Gary Miklethun, the owner of Narrows Electric, a small electrical contractor in Gig Harbor, Wash., that specializes in residential and small commercial projects, definitely felt it when the economy slowed down. But installing new smart grid technology in 500 homes not only gave his team new work, but new customers.
“Really anyone who likes science or math, we’ve probably got a job for you,” said Justin Johnson, Senior Director of Engineering at Oncor, one of the country’s largest transmission and distribution utilities based in Dallas, Texas. Find out more about the exciting career opportunities smart grid technology is offering.
Read about Power4Vets -- a program funded by Recovery Act money through the Energy Department’s Smart Grid Workforce Training program, which is helping to prepare the next generation of workers in the utility and electric industries for smart grid-related jobs.
Hurricane Irene struck the East coast last Friday, making landfall in North Carolina. Over the weekend, the storm traveled up the East Coast and into the mid-Atlantic and New England areas of the U.S. In response to Irene, Connecticut, Delaware, District of Columbia, Maine, Maryland, Massachusetts, New Hampshire, New Jersey, New York, North Carolina, Pennsylvania, Rhode Island, Vermont, and Virginia declared a State of Emergency.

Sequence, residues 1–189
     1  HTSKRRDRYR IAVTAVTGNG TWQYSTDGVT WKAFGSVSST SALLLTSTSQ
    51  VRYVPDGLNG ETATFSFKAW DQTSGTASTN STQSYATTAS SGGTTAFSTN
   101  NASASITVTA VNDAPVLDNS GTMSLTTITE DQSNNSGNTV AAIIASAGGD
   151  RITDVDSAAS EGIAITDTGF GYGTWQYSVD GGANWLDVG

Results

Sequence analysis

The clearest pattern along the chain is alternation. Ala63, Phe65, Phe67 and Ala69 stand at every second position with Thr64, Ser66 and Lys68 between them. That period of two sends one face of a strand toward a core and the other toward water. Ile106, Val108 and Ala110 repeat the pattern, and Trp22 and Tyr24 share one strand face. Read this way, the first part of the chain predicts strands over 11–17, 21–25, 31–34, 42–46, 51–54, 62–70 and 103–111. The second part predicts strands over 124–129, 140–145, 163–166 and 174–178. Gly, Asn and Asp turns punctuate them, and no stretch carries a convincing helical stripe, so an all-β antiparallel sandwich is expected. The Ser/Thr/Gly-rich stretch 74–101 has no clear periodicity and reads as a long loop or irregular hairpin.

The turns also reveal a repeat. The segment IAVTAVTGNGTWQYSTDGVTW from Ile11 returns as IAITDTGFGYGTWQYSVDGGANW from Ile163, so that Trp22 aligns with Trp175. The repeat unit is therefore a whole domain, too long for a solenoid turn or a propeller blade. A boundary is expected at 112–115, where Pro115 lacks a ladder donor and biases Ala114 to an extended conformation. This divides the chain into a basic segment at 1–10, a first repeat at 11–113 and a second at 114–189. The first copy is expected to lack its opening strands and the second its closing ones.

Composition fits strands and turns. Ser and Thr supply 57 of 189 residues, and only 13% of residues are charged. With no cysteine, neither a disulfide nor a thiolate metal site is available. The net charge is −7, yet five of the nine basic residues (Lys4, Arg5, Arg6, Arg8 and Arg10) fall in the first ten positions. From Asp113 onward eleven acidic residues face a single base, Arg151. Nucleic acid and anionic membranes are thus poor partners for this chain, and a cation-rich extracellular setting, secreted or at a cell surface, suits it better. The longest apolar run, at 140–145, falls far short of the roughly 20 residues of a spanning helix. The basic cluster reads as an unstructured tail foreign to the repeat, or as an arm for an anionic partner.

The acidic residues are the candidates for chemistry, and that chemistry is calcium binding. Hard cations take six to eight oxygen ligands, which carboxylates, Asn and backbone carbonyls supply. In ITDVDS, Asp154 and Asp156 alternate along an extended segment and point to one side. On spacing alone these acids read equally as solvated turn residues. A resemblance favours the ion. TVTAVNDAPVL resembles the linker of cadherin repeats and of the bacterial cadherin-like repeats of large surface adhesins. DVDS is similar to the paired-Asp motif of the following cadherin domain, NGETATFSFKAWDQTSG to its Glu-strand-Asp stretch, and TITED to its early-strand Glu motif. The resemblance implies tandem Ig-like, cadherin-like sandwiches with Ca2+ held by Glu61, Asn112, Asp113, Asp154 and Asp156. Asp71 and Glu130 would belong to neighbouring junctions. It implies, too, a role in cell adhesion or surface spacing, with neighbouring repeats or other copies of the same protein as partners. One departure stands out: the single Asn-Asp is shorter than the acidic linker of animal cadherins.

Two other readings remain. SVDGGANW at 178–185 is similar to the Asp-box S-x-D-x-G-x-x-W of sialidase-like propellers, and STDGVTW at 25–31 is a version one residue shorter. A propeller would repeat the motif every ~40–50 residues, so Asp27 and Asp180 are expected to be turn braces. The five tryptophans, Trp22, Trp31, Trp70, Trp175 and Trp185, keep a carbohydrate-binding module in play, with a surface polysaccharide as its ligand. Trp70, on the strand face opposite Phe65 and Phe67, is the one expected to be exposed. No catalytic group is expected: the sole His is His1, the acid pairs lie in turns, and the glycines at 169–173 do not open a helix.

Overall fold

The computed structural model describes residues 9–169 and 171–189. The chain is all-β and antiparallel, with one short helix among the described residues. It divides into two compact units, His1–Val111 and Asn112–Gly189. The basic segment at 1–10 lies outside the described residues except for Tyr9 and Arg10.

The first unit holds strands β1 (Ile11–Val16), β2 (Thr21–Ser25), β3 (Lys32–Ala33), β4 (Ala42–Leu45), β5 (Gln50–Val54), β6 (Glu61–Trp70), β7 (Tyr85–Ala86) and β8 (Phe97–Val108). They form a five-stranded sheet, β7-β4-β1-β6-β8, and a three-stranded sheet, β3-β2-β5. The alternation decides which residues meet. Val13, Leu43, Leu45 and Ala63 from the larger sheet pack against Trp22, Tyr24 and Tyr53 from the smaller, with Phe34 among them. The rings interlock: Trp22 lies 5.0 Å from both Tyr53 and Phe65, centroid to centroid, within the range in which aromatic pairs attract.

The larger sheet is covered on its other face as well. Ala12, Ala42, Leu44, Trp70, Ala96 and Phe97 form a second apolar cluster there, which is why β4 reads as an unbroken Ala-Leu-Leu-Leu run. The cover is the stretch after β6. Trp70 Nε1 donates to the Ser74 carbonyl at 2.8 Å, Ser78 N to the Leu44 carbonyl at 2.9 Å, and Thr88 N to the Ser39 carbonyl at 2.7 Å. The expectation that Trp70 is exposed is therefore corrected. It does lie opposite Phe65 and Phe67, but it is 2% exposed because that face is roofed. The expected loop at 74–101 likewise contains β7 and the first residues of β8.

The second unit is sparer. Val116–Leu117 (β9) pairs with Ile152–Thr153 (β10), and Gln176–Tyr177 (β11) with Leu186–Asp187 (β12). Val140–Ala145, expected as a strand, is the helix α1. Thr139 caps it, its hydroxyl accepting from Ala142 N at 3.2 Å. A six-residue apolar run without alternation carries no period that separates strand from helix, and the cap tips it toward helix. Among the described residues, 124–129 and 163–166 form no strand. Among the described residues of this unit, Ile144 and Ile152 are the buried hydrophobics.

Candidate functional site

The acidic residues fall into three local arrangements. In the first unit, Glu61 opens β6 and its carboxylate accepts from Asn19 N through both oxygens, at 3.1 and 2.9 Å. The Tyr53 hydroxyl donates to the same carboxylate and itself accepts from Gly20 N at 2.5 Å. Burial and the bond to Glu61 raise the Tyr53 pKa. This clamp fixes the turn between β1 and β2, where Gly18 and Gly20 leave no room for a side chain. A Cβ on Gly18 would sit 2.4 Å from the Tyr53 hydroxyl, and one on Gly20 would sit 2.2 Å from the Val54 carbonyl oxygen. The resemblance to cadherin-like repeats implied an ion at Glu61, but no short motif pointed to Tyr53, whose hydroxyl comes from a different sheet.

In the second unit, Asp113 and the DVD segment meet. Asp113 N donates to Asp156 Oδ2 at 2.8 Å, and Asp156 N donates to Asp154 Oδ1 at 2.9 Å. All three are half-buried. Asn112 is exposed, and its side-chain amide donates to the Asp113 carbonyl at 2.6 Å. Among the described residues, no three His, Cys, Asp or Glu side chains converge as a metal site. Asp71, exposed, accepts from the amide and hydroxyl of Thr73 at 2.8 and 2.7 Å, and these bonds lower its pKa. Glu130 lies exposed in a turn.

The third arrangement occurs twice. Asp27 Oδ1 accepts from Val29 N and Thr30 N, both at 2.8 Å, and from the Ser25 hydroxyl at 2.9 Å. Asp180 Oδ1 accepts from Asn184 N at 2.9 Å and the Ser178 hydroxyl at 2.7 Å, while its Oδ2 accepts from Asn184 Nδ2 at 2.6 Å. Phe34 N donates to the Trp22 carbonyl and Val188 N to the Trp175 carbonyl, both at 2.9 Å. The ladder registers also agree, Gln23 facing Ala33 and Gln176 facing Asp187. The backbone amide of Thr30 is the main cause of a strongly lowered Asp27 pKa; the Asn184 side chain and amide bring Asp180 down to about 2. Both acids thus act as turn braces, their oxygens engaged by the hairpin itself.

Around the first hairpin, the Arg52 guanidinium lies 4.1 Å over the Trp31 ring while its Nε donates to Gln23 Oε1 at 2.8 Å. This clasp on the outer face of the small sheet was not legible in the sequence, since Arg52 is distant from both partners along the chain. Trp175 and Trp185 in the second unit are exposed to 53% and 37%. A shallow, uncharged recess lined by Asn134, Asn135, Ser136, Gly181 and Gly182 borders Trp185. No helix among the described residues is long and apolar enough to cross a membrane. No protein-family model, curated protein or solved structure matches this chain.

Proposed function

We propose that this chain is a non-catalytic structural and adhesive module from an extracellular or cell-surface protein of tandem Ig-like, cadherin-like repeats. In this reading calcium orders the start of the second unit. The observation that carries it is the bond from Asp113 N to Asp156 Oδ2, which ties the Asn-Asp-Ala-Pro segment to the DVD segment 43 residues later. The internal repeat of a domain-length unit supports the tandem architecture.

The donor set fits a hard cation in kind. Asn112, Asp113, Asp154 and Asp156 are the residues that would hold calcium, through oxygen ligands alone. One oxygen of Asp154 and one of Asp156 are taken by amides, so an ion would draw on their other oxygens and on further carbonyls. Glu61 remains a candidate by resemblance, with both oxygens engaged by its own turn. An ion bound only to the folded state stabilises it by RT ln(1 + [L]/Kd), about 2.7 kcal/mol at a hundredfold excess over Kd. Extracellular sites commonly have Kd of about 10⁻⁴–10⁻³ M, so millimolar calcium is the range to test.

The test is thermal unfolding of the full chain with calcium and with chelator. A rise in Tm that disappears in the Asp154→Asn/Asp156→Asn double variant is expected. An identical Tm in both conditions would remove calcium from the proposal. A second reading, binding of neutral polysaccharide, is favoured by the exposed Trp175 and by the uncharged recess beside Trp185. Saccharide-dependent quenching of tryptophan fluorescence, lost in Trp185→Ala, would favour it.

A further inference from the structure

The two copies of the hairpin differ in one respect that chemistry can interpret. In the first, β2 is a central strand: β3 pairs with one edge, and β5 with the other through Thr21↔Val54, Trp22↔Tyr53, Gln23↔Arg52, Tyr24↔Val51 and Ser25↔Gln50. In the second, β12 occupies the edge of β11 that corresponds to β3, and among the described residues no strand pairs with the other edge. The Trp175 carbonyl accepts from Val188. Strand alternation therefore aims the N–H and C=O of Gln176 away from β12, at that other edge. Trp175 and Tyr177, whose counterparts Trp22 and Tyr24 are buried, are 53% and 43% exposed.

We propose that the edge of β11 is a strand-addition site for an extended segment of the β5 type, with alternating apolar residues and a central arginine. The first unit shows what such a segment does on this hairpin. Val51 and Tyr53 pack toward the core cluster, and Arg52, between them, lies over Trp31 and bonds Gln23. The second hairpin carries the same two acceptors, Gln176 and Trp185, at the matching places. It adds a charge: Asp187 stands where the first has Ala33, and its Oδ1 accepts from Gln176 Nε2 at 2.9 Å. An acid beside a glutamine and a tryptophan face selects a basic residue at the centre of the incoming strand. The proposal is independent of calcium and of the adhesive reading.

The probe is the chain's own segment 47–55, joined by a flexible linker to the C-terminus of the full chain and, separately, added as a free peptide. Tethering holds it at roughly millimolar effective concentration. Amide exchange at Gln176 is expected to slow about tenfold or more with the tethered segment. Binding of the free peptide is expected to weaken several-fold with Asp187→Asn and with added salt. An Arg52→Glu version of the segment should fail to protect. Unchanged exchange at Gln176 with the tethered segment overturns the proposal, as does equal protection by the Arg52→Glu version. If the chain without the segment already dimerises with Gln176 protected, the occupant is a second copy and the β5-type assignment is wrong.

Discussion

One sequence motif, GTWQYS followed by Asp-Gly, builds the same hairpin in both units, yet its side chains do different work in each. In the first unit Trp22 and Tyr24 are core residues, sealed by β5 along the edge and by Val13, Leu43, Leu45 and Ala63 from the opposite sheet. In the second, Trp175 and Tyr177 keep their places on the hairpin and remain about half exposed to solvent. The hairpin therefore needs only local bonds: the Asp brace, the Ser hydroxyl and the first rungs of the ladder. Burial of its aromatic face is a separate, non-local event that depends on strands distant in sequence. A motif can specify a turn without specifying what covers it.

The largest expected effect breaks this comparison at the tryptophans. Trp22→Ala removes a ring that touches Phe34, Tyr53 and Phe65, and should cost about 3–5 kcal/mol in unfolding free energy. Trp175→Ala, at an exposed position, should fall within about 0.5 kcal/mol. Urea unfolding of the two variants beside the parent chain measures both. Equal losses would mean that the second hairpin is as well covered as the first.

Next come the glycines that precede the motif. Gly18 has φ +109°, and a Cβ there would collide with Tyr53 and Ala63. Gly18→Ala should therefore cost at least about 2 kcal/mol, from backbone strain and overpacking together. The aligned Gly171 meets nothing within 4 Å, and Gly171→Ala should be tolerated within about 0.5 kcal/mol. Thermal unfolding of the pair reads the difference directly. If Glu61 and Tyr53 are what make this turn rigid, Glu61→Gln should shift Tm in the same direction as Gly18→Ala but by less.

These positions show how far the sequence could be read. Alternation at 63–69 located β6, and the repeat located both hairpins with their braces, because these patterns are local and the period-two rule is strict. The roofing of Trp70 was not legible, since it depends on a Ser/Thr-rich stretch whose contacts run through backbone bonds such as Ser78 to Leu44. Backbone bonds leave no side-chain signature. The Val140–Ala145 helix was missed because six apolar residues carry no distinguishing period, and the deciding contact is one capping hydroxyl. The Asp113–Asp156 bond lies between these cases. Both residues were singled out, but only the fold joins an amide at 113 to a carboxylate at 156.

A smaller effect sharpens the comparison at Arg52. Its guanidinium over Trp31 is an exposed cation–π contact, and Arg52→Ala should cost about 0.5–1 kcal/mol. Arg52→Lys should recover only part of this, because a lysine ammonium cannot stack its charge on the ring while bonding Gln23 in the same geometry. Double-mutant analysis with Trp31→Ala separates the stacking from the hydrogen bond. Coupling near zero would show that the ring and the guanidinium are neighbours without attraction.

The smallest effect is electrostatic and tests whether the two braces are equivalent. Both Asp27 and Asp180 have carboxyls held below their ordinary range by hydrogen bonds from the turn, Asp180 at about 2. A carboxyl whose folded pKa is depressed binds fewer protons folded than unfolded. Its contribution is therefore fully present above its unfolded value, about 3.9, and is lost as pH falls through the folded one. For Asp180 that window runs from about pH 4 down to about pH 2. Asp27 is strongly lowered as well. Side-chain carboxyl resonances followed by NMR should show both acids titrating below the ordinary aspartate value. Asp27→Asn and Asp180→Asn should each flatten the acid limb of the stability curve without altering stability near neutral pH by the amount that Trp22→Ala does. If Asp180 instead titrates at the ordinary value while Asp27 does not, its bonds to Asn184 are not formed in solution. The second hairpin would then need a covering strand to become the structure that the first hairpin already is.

The Energy Department is closely monitoring Hurricane Irene as it travels up the East Coast of the United States. Emergency Situation Reports are now available detailing the storm's impact to the energy sector and restoration activities being taken.
More than 70 percent of participants in CenterPoint Energy's pilot program said they reduced their energy use as a result of real-time information from in-home monitors. Deputy Secretary Daniel Poneman saw firsthand how the technology is helping consumers save money. Check out photos and video.
Smart meters -- just one of the advanced technologies being used to modernize the grid -- are helping Oklahoma businesses and home owners beat high electricity bills not only during these summer months, but year-round.
A more reliable, efficient and cost-effective grid? Assistant Secretary Patricia Hoffman gives an update on Smart Grid efforts, from incorporating electric vehicle charging infrastructure to improved reliability customer service and the role of new technologies.
If Edison were transported in a time, he would be amazed by progress in lighting and sound recording, such as the LED light or the iPod. On the other hand, he would easily recognize much of the basic technology behind today’s power system.